A few weeks ago, I spent two days at CrossFit Level 1 Certificate training. During one of the seminars, the instructor spoke about the responsibility of the athlete. This included:
- Dedication - getting to the box to train on a regular basis
- Movements - learning proper techniques for both safety and effectiveness
- Intensity - performing the daily programming with a focus on intensity
When it came to CrossFit, I was certainly dedicated. I regularly trained six days a week. Even on vacations. For example, when I traveled to Bermuda, this included a morning scooter ride to CrossFit BDA before a day laying on the beach and swimming in the ocean. When it came to movement and intensity, there was room for improvement but I'd certainly made substantial progress since beginning in 2013. I'd also seen steady results along the way as I regularly inched forward with new PRs.
In 2015, I'd switched CrossFit boxes. My main reason was that I felt I was putting a lot into my training and was looking for an affiliate that was as dedicated to their athletes as I was to CrossFit.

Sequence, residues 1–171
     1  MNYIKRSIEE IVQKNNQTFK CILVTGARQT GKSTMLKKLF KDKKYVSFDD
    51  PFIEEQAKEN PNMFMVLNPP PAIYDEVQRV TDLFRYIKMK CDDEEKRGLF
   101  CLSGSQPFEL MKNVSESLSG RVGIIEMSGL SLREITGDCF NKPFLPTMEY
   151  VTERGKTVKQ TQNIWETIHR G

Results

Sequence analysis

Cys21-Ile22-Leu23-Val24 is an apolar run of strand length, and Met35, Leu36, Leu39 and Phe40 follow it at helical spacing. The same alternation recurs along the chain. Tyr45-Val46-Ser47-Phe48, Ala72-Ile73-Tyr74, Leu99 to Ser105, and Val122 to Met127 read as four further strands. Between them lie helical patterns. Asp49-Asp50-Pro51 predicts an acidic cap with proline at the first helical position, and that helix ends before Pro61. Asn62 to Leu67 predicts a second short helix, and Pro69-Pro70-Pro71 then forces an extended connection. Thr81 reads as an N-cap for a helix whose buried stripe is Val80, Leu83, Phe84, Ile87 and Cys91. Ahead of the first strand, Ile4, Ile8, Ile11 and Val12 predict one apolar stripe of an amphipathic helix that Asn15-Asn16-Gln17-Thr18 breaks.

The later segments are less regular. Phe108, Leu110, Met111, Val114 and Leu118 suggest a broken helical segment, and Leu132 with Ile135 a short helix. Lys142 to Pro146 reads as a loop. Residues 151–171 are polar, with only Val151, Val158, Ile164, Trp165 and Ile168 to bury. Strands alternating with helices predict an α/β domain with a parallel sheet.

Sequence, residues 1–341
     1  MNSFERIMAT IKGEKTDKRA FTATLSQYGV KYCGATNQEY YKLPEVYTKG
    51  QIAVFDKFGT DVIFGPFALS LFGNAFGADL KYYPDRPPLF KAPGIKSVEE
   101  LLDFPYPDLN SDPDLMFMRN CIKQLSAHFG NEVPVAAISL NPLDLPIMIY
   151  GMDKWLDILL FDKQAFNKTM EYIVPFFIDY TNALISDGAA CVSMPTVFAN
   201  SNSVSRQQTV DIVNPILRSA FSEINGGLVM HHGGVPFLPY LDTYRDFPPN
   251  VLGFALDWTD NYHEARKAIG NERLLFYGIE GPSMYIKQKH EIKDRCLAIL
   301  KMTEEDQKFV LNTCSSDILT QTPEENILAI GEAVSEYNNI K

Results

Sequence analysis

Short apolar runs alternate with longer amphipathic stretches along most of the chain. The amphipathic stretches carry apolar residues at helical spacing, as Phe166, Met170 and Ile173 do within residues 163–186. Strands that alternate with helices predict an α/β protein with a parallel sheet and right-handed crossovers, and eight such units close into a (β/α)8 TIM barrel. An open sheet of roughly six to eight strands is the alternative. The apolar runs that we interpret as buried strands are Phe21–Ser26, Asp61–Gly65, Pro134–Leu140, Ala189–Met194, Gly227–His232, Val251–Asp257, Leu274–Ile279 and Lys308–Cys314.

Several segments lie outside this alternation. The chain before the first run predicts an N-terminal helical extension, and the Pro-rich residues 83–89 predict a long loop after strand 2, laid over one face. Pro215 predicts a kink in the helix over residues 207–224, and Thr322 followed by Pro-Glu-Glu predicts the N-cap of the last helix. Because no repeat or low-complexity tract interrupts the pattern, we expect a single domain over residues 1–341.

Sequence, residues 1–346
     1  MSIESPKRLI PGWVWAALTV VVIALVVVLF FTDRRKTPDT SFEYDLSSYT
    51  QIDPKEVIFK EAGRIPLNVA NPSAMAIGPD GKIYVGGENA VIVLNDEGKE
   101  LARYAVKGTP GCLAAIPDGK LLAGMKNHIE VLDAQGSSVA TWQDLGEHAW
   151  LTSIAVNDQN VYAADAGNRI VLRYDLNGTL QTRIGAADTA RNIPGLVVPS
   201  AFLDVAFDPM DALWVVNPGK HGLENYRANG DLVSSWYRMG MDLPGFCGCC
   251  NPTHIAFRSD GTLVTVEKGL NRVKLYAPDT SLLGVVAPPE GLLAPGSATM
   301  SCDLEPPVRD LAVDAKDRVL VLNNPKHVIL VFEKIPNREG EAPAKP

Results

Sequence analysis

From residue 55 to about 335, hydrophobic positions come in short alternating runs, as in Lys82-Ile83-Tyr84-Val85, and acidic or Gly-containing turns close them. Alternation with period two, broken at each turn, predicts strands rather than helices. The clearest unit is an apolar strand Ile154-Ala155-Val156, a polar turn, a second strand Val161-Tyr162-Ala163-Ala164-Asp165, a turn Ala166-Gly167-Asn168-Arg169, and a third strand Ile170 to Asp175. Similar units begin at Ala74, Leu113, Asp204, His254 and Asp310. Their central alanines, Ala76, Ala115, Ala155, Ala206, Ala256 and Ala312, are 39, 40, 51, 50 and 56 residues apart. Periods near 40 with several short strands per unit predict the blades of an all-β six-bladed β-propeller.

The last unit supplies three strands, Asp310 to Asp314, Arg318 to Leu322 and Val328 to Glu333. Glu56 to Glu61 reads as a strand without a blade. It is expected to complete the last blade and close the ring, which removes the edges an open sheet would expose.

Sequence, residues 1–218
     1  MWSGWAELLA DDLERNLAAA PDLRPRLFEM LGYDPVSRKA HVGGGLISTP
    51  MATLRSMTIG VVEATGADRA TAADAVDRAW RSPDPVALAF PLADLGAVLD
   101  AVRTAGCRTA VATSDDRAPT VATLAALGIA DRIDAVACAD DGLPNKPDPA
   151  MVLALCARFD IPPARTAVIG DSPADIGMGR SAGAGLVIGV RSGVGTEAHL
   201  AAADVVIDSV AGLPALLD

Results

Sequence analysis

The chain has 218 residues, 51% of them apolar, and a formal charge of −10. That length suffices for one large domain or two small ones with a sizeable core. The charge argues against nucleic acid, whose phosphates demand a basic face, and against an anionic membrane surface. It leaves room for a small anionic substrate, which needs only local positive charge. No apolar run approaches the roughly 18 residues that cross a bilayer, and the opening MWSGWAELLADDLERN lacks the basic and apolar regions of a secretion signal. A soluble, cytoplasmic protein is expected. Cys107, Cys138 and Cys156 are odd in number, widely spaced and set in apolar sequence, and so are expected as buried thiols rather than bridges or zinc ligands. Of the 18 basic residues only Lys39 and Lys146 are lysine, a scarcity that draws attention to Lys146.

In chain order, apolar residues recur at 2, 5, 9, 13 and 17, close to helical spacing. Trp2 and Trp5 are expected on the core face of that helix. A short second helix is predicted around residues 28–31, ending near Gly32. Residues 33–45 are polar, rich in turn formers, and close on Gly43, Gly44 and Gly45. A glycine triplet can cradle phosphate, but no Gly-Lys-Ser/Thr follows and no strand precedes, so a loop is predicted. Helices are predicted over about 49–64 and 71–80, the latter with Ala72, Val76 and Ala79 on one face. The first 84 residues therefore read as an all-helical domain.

This year, as I was about to turn 57, I considered what I needed to do progress further. What became clear was that I'd been ignoring a crucial consideration.
With the advice to a diet experts associated with CrossFit BrickYard, I dove into addressing this. At 5' 7 1/2", I weighed about 215 pounds in mid-June. I've now dropped 25 pounds and tip the scales around 190.
While the weight loss has earned me a few compliments, I'm most excited by my workout results. I'm not just seeing PRs but big leaps forward. Some recent examples include:
- December 2015 - 27:02
- September 2016 - 24:24
- April 2016 - 13 rounds plus 3 reps
- October 2016 - 17 rounds plus 2 reps
Death by Wall Balls
- February 2016 - 16 rounds plus 13 reps
- October 2016 - 19 rounds plus 11 reps
- October 2015 - 8:56
- September 2016 - 6:27
- February 2016 - 11:40
- August 2016 - 10:27
- April 2016 - 39:36
- October 2016 - 34:45
- March 2016 - 22:06
- July 2016 - 18:26
These are just a fraction of the PRs that have come as I've begun to lose weight. What's been most astounding is that many of the PRs haven't been a few reps or seconds but multiple rounds and minutes. While much of this is due to simply having a lot of room to improve, I'd never seen these huge improvements until making nutrition just as important as putting in all the hard work.
In retrospect, it makes little sense to be dedicated and hard-working if you're going to marginalize your efforts with a poor or sub-par diet.
It only took me more than half a century to come to that realization.